The amount of your pension will depend on how much and for how long you have contributed to the CPP and on your age when you want your pension to start. If you take it before age 65, your pension will be reduced, by up to 36% at age 60. If you take it after age 65, your pension may be larger, by up to 42% at age 70.
There have been recent changes to the early pension reduction and late pension increase to ensure that whether you choose to receive an early or late retirement pension, the amount you receive will reflect your contributions made to the Plan and your average duration of benefits.
Taking your pension before age 65
From 2012 to 2016, the Government of Canada is gradually changing the early pension reduction from 0.5% to 0.6% for each month you receive it before age 65. This means that by 2016, an individual who starts receiving their CPP retirement pension at the age of 60 will receive 36% less than if they had taken it at 65.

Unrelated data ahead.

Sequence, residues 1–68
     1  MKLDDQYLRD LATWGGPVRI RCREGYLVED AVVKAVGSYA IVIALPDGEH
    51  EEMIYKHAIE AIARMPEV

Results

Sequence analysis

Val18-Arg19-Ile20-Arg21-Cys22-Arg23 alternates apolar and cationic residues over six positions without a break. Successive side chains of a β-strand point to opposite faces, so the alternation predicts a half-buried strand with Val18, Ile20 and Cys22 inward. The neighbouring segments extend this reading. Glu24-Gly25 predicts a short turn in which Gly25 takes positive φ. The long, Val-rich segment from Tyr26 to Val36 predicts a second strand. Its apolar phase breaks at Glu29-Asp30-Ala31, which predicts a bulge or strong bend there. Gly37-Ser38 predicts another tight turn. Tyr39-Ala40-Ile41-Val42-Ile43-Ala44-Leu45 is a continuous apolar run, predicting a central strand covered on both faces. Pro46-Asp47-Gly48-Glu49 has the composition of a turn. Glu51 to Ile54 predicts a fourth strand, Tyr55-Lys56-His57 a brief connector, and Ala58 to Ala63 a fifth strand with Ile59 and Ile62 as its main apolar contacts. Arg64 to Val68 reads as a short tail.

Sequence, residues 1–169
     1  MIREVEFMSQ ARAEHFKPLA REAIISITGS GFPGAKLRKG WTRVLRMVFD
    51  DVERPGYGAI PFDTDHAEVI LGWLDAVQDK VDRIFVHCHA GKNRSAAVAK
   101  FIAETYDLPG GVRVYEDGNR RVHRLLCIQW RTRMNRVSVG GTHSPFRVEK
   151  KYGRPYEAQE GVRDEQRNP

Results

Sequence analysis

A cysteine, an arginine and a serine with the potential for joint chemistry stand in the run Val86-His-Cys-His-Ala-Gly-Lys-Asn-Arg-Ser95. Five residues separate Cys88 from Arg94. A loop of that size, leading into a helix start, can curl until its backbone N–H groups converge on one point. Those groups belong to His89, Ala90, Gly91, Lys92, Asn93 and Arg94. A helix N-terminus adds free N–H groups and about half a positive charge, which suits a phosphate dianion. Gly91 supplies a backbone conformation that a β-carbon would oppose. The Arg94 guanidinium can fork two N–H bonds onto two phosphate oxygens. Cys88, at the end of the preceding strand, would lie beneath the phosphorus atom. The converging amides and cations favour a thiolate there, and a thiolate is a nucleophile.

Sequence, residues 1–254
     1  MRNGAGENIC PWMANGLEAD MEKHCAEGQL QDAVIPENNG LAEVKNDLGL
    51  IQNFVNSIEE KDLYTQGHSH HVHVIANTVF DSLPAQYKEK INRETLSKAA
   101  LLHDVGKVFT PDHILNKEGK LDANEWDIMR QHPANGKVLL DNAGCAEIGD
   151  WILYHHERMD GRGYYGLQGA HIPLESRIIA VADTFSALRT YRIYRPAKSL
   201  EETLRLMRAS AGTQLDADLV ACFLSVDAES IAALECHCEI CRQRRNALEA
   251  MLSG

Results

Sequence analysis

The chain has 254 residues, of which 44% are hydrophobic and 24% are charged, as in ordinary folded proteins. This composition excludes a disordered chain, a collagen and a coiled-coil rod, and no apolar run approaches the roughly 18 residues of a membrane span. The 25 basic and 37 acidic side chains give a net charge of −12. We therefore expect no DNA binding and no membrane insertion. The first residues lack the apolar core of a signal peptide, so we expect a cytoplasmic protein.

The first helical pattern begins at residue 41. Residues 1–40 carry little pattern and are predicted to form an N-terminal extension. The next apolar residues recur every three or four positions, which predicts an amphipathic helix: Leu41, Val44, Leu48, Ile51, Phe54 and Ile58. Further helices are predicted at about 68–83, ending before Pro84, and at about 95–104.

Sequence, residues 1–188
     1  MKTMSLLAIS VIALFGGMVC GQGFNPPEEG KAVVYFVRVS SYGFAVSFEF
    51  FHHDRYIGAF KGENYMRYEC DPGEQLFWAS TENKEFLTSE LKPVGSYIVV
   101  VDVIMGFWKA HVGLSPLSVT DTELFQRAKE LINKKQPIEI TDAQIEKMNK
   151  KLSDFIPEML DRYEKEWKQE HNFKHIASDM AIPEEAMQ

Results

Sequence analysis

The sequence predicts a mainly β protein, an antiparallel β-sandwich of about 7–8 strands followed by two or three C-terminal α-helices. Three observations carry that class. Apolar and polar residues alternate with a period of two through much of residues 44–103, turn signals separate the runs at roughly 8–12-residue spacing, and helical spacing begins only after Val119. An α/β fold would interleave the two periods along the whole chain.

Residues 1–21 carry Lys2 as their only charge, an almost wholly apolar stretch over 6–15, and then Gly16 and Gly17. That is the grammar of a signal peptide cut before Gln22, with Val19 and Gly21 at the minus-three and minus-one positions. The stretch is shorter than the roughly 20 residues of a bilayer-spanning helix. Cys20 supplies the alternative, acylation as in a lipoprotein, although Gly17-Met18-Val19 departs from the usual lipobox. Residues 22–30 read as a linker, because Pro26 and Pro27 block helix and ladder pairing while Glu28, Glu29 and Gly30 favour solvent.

If you begin receiving your retirement pension in 2015, it will be reduced by 0.58% for each month that you receive your pension before age 65.
For a person who applies for and receives their retirement pension at age 60, this represents a maximum reduction of 34.8% if taken in 2015, and 36% if taken in 2016.
Taking your pension after age 65
If you take your pension after age 65, your monthly payment amount will increase by 0.7 percent for each month that you delay receiving it up to age 70 (8.4% per year).
This means that, an individual who starts receiving their retirement pension at the age of 70 will receive 42% more than if they had taken it at 65.
There is no financial benefit in delaying taking your pension after age 70.